FDA Approves Rosacea Treatment.
MedPage Today (8/26, Petrochko) reports that the Food and Drug Administration has approved Galderma’s brimonidine alpha-2 adrenergic agonist, “the first topical treatment specifically indicated for the persistent facial erythema of rosacea.” The treatment works by constricting dilated facial blood vessels, and is effective for 12 hours.
Medscape (8/26, Brooks) reports that the 16 million Americans afflicted with rosacea will have access to brimonidine starting in September.
The FDA has approved the alpha-2 adrenergic agonist brimonidine (Mirvaso) to treat facial redness in adult rosacea patients, the drug's manufacturer announced.
The new indication makes Mirvaso 0.33% topical gel the first topical treatment specifically indicated for the persistent facial erythema of rosacea, according to a statement from Galderma.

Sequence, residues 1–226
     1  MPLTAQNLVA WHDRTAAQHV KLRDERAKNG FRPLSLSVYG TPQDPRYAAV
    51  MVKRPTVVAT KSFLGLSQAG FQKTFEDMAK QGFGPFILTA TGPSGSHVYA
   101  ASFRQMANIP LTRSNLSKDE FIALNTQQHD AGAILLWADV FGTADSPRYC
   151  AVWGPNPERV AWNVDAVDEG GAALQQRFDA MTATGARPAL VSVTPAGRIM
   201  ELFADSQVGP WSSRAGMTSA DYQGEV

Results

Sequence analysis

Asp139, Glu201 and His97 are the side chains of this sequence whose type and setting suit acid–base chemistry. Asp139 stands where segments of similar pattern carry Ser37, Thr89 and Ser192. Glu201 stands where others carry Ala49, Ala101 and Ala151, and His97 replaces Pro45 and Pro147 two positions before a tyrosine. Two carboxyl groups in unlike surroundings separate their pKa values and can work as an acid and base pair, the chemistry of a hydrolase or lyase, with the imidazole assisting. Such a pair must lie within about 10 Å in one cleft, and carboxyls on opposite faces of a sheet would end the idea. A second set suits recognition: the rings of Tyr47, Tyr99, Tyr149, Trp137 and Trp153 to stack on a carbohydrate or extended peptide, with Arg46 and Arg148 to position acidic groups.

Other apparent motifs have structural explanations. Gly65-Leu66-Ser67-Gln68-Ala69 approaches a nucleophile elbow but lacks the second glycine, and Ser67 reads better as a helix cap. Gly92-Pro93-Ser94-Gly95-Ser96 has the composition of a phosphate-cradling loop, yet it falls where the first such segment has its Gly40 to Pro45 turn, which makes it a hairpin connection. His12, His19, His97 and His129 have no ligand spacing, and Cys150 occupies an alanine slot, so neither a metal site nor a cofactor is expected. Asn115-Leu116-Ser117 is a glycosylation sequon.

The gel is applied once a day to the forehead, chin, nose, and cheeks, and remains effective for up to 12 hours. The drug is thought to constrict dilated facial blood vessels, which reduces the redness in rosacea.
Approval for the new indication was based on phase III trial data from 550 patients in two month-long studies, which found that adult participants who used brimonidine gel had significant improvement of facial redness compared with those who used a placebo preparation.
Common adverse reactions during the trials included erythema, flushing, a burning sensation, and contact dermatitis.
Patients with depression, cerebral or coronary insufficiency, Raynaud's phenomenon, orthostatic hypotension, thromboangiitis obliterans, scleroderma, or Sjogren's syndrome, as well as those with severe, unstable, or uncontrolled cardiovascular disease should use the drug with caution, the agency said.
The gel should be kept out of reach of children as accidental ingestion has resulted in serious adverse events.
The agent should not be taken orally, ophthalmically, or intravaginally.
Mirvaso is marketed by Galderma.